Tomoko Hagane-Mullins on her way from Manhattan to Brooklyn. (Goodwin/Yahoo News)
New Yorkers are used to walking farther--and faster--than denizens of other cities, but the extraordinary circumstances of Monday night's massive storm have forced people to make much longer and more arduous treks than normal.
Everywhere on Manhattan's Lower East Side on Tuesday, people--some en route to the homes of family or friends--were emerging with duffel bags and suitcases from electricity-free walk-up apartment buildings, and then shooting their arms out into the air in hopeful attempts to hail taxis.
These New Yorkers for the most part escaped the storm's wrath, which led to the death of 12 in the city, but now face lingering power outages that have plunged this part of Manhattan into darkness.
Many were unable to find cabs. The subway--expected to be closed for days--is not an option.
Becca Endryck, a senior at New York University, decided to walk over the Williamsburg Bridge to Brooklyn, laden with two duffel bags and a backpack. Her Broome Street apartment in the neighborhood of SoHo lost both power and water early Monday night, so she decided to stay with friends who live in the Park Slope section of Brooklyn. Endryck looked for a cab for nearly half an hour before deciding to make the nearly five-mile trek with her things.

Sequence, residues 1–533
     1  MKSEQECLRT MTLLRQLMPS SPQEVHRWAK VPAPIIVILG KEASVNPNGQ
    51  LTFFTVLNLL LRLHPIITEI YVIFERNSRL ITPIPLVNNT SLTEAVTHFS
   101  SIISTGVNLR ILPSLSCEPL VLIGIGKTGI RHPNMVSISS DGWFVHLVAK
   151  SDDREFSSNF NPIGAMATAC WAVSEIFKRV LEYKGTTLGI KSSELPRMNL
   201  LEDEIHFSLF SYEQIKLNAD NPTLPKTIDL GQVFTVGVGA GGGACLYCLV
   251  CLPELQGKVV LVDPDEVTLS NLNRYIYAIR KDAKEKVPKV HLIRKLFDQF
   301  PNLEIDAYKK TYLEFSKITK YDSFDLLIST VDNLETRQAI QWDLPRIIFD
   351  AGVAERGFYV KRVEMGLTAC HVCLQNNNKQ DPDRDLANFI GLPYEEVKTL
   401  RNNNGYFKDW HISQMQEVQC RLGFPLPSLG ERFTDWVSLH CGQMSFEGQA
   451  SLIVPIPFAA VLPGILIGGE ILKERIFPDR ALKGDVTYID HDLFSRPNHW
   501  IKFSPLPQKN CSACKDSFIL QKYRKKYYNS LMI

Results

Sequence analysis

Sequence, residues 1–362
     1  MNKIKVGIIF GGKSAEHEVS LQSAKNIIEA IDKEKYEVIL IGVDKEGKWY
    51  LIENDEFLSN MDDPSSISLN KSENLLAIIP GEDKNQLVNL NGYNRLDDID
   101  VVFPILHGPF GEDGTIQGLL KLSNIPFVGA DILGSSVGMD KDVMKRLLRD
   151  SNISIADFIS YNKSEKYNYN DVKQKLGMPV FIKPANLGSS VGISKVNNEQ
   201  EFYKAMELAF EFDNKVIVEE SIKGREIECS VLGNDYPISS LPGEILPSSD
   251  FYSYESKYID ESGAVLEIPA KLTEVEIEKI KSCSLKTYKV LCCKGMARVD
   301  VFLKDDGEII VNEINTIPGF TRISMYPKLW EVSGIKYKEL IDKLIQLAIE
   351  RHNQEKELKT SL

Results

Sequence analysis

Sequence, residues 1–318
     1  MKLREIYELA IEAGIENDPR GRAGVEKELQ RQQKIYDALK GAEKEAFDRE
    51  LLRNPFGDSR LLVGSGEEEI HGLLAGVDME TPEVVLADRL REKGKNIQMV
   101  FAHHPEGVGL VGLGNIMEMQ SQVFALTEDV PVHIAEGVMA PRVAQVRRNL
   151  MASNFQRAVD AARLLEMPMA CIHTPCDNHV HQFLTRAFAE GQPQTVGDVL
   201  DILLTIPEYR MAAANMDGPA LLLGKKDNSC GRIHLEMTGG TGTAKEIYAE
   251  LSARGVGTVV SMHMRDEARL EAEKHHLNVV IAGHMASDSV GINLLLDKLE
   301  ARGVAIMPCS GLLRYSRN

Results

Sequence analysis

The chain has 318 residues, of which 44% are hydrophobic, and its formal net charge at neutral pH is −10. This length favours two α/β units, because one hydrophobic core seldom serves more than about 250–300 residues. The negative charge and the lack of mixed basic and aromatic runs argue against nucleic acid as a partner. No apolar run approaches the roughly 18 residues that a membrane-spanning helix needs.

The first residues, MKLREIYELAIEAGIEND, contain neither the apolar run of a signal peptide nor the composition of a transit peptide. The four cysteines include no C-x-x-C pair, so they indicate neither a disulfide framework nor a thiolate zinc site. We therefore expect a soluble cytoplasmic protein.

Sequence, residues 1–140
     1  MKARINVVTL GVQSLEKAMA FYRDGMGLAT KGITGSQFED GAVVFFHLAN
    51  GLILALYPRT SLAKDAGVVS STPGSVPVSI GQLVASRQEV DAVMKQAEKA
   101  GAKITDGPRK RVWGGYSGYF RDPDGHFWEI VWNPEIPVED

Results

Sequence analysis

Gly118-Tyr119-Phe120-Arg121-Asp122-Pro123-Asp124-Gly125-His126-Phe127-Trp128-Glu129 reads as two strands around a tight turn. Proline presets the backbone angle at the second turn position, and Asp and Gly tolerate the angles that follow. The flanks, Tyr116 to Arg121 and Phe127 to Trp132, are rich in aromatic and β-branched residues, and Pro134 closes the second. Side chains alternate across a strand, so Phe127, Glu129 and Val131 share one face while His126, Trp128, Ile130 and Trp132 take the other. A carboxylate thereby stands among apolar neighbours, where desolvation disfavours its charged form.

"I don't want to be in Manhattan," she said.
It's not hard to understand why. The electricity company ConEd said Tuesday that 230,000 of its customers in lower Manhattan could be without power for four days as the company attempts to repair damage to its equipment from the storm surge. Though a few stores were open--including a Chinese restaurant called The Happy Wok on Houston Street, where employees passed out Styrofoam takeout containers of food through a cracked-open door in exchange for cash--the usually bustling Lower East Side seemed abandoned. Streetlights, many at usually busy intersections, weren't working, but few cars were on the road.
The Happy Wok on the Lower East Side served Chinese food despite no electricity. (Goodwin/Yahoo News)
"We all kind of squeezed in the cab [of the truck]," Hagane-Mullins said. She returned to the Lower East Side apartment on foot later Tuesday to fetch a suitcase of necessities, which she rolled back over the Williamsburg Bridge. Her family is camping out in Brooklyn for the next few days.
Beauty Jackson and her two small children were waiting to hail a car at E. Houston Street, a few blocks from their apartment. Asked where they were headed, Jackson said: "Uptown, where there's light." Jackson and her children spent Monday night in the darkness. Her home phone went down, and then her cell phone died. She said she cooked by lighting the gas stove with a match.
Three friends in their early 20s, who live in the Vladeck housing project on the Lower East Side, were walking north, meanwhile, trying to reach the Bronx. "A lot of people are staying," Anthony Wilson said of the rest of the residents of Vladeck, which lost hot water and power Monday night. Wilson and his friends Drequan White and Roger Kennon were hoping they'd get cell-phone service as they walked farther uptown, so that they could ask someone to pick them up and drive them to the Bronx. If not, they'd be walking for miles.